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Volume 23, Number 9—September 2017

Epidemiology of Salmonella enterica Serotype Dublin Infections among Humans, United States, 1968–2013

R. Reid Harvey1, Cindy R. Friedman, Stacy M. Crim, Michael Judd, Kelly A. Barrett, Beth Tolar, Jason P. Folster, Patricia M. Griffin, and Allison C. BrownComments to Author 
Author affiliations: Centers for Disease Control and Prevention, Atlanta, Georgia, USA

Main Article

Table 2

Antimicrobial drug resistance in Salmonella enterica serotype Dublin and other Salmonella, United States, 1996–2013*

Resistance pattern Salmonella Dublin, no. (%), n = 102 Other Salmonella, no. (%), n = 33,415
Pansusceptible 42 (41) 26,552 (79)
Resistant to >1 class 60 (59) 6,863 (21)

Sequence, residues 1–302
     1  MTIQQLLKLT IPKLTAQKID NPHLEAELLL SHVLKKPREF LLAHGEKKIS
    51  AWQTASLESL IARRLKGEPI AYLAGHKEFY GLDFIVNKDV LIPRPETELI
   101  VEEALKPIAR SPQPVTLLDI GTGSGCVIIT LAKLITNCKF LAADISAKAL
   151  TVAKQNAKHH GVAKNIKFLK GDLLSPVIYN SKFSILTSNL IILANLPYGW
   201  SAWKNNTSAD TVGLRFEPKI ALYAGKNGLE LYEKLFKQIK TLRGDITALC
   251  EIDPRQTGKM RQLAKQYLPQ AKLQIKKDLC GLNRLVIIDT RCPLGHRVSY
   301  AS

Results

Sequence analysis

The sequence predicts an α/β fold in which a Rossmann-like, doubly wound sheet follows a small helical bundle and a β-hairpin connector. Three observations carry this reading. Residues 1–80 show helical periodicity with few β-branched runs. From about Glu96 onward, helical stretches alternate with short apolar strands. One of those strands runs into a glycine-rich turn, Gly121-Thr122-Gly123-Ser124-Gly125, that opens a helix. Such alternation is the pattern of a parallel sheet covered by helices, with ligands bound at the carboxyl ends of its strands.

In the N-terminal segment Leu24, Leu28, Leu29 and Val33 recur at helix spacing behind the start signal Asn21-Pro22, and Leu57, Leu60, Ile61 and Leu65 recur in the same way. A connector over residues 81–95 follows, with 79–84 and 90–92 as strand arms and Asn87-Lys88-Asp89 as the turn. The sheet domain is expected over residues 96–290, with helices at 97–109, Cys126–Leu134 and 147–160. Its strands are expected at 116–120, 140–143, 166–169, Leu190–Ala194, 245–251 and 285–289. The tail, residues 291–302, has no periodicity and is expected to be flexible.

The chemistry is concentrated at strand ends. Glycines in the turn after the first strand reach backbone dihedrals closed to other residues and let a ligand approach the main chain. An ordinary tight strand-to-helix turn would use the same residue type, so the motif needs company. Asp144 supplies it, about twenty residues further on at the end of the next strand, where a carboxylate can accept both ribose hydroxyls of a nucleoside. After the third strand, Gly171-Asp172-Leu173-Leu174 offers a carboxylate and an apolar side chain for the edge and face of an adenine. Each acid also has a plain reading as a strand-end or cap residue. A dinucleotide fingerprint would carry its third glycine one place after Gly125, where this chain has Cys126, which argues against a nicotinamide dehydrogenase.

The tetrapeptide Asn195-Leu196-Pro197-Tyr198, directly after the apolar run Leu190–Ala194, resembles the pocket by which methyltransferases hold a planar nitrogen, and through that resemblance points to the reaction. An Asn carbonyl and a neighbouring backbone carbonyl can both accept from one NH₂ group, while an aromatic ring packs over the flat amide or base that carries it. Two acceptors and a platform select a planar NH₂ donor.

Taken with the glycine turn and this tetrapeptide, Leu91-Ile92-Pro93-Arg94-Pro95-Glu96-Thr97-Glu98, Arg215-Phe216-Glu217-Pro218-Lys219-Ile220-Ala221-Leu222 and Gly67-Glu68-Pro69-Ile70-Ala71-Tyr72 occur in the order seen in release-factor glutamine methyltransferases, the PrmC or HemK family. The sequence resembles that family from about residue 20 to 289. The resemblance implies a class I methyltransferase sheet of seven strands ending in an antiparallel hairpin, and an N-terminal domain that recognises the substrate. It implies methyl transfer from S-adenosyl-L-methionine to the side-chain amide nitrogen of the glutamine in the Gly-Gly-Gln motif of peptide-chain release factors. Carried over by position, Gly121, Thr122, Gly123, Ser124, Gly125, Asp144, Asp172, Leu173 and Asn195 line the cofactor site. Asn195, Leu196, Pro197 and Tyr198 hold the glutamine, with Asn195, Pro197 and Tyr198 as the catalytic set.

Resistant to >3 classes 56 (55) 4,013 (12)
Resistant to >5 classes 47 (46) 2,374 (7)
Resistant to >7 classes 32 (31) 601 (2)
Resistant to at least ACSSuT† 42 (41) 2,156 (6)
Resistant to at least ACSSuTAuCx‡ 29 (28) 581 (2)
Resistant to ceftriaxone 32 (31) 947 (3)
Resistant to nalidixic acid 6 (6) 643 (2)
Resistant to nalidixic acid and ceftriaxone 4 (4) 39 (0.1)

*Data from the National Antimicrobial Resistance Monitoring System. p<0.01 for all.
†Resistant to ampicillin, chloramphenicol, streptomycin, sulfamethoxazole/sulfisoxazole,and tetracycline.
‡Resistant to ACSSuT, amoxicillin–clavulanic acid, and ceftriaxone.

Main Article

1Current affiliation: Centers for Disease Control and Prevention, Morgantown, WV, USA.

Page created: August 15, 2017
Page updated: August 15, 2017
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